Where to Stay: Celtic Manor Golf Resort
The original course at the ever-impressive Celtic Manor Resort and designed by Robert Trent Jones and tastefully named after the “old Via Julia Roman highway”. The road originally meandered through the sloping fairways on the resort that has an incredible history and the former site of the Lydia Beynon Maternity Hospital which in itself has a fantastic story.
The Roman Road course at Celtic Manor is a very fair test of golf for anyone considering a golf break in Wales and although only a Par 70, still offers golfers with imaginative shot-making opportunities over the 18 holes of Championship Golf.
The Roman road has held its fair share of European Tour and Senior Tour events over the years. Although the majority of illustrious events have now moved on to the Ryder Cup designed 2010 course at Celtic Manor, The Roman Road still holds fantastic memories and is a class in design.
The Roman Road is not what you would call long “In new money terms” and at only just over 6,000 yards from the yellow tees one would expect this being the lesser course of the three now on offer at Celtic Manor.
The Roman Road course comfortably sits as an equal in the company and as an individual course with the two later designs; The Montgomerie and the 2010 course.
The romantic in me always takes time to appreciate original layouts, and although, the Roman Road can feel a bit “American” in places you do get a great sense of what Robert Trent Jones was originally looking for in his design. The layout of holes does, in fact, preserve some of the old Roman archaeology, and this would have been the vision of Jones.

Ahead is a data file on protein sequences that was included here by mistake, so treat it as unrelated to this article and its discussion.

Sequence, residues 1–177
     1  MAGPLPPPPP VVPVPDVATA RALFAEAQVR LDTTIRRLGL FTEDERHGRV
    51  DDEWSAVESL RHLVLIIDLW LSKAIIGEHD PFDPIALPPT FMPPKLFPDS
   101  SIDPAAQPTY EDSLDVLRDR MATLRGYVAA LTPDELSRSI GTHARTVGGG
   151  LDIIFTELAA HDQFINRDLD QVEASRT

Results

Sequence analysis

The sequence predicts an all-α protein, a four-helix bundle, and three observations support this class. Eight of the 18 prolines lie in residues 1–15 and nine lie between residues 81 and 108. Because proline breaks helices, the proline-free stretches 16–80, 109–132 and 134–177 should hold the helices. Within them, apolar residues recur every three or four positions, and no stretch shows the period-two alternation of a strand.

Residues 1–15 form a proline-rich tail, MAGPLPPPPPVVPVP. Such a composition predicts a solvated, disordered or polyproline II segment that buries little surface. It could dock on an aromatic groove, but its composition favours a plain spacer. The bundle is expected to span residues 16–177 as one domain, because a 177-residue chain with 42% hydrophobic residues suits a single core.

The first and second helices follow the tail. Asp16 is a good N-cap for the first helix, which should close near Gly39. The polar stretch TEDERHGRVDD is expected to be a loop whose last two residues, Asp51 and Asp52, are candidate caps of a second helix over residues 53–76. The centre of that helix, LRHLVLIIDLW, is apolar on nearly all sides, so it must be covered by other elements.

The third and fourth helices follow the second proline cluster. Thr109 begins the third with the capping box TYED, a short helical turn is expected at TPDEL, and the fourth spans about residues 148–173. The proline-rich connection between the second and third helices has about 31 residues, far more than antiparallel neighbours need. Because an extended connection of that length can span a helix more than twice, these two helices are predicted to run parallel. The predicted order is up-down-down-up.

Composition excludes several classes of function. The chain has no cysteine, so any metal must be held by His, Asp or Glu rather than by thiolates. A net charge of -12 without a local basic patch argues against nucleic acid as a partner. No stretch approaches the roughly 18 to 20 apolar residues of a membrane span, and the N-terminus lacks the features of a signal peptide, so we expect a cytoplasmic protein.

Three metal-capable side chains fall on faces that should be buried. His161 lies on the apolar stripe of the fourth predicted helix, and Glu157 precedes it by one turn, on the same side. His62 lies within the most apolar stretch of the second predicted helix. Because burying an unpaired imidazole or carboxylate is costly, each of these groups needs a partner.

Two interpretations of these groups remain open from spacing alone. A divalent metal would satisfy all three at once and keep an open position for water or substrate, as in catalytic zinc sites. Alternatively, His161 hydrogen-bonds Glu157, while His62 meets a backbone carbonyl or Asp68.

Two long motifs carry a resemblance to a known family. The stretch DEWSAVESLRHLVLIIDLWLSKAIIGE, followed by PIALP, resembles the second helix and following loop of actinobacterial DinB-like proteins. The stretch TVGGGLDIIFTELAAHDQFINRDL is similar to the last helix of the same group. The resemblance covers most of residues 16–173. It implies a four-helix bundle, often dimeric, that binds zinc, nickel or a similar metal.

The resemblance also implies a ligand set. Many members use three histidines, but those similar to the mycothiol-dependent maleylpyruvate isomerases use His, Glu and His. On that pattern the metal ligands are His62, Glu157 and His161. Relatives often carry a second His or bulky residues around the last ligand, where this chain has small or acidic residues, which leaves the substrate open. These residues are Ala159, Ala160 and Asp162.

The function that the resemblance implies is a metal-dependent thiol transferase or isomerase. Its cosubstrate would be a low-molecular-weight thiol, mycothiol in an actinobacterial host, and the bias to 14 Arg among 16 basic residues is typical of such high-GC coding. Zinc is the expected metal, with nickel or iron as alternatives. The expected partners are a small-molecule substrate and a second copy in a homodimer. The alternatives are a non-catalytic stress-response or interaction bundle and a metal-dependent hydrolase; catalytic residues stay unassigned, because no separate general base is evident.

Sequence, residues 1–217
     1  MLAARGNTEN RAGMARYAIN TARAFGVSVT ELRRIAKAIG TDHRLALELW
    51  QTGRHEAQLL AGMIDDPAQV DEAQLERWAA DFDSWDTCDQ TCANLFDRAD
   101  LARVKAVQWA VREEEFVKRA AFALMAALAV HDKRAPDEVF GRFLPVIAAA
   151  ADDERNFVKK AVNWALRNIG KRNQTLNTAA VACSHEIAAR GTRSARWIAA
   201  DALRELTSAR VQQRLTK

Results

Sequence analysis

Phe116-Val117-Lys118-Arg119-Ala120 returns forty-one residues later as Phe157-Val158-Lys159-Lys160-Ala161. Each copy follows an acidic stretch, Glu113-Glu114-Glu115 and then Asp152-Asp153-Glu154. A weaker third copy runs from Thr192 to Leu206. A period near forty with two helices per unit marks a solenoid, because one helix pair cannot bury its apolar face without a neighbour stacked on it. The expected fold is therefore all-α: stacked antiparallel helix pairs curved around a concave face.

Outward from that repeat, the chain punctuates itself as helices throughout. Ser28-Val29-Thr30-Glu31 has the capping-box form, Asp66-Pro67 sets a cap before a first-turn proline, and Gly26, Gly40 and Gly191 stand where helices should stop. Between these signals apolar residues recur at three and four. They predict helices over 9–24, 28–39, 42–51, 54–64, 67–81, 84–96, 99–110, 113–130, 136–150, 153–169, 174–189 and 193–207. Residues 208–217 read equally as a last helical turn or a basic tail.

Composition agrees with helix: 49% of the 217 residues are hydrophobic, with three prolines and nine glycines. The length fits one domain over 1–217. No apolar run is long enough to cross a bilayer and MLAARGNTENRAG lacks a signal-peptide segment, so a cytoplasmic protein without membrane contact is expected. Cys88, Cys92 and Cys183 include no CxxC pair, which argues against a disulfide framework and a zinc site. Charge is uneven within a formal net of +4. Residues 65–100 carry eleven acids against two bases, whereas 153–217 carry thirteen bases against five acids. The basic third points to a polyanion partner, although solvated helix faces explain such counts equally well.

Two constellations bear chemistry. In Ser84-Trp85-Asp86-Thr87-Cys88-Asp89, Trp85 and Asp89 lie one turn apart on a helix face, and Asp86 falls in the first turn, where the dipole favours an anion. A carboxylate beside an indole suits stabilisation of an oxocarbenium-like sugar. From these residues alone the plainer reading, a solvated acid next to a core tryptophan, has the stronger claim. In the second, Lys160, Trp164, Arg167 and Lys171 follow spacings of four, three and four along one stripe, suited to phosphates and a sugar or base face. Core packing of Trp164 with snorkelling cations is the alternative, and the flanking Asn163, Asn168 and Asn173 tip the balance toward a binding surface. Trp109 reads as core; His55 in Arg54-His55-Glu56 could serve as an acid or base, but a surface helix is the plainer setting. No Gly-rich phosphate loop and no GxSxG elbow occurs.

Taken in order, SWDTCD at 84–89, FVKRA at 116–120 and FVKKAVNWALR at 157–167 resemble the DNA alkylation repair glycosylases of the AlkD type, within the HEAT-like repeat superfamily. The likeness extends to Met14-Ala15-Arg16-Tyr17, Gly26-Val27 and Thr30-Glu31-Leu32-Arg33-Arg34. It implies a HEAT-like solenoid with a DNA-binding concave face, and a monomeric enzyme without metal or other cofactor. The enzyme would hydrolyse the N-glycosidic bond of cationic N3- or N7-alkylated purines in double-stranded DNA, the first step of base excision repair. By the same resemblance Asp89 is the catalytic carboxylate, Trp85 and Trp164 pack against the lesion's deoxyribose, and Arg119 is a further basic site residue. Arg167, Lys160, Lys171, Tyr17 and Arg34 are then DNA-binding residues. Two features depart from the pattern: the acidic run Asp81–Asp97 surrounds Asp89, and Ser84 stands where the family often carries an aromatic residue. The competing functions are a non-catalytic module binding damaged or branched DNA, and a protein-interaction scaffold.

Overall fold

The Roman Road last held a prestigious event in 2007 when it played host to the Celtic Manor Wales Open and played as a Par 69 and the very last course to play this length on the European Tour. South African Richard Sterne won the event.
As the name suggests designed by Ryder Cup legend Colin Montgomerie, the new Montgomerie golf course opened for play in 2007 and was designed around the first and last holes of the old Wentwood hills golf course and the land from the coldra woods academy. This great and challenging parkland style golf course is a fantastic addition to the sterling Celtic Manor Golf resort. Colin wanted to combine traditional parkland layout with almost links-like feel in some of the features of the golf course, which include deep pot bunkers and largely sloping greenside drop-offs. Whether this has been accomplished or not has often created debate with knowledgeable golfers who are always fascinated by golf course design, however, what is unanimous in opinion is that the Montgomerie course is a challenging and rewarding and an exciting golf course. Playing at a Par 69 and at just under 6,400 yards from the black tees, the Montgomerie is always enjoyed when staying at Celtic Manor.
Some of the tee shots require decent carries over the Welsh Valleys and with some theatrical scenery.
The third hole is considered by many to be one of the best holes over the entire three courses at Celtic Manor. A daunting tee shot between a tight set tree-lined fairway with sloping natural contours left to right which requires an accurate and powerful tee shot to give you any hope of getting close in two shots on this great par 5.
In the winter the sensible play is to just get as far down the right-hand side of this fairway, leaving your second to set up a pretty straightforward approach shot to a green. However, in the summer, the potential is there to use the contours, try to get as close to the green as possible, setting up for a possible birdie.
All eighteen holes offer lots of elevation changes and a variety of golf shots that will be required to be played.
The Montgomerie is arguably the prettiest of the three courses on offer at Celtic Manor and provides an entirely different test to the 2010 Course and the original layout of the Roman Road.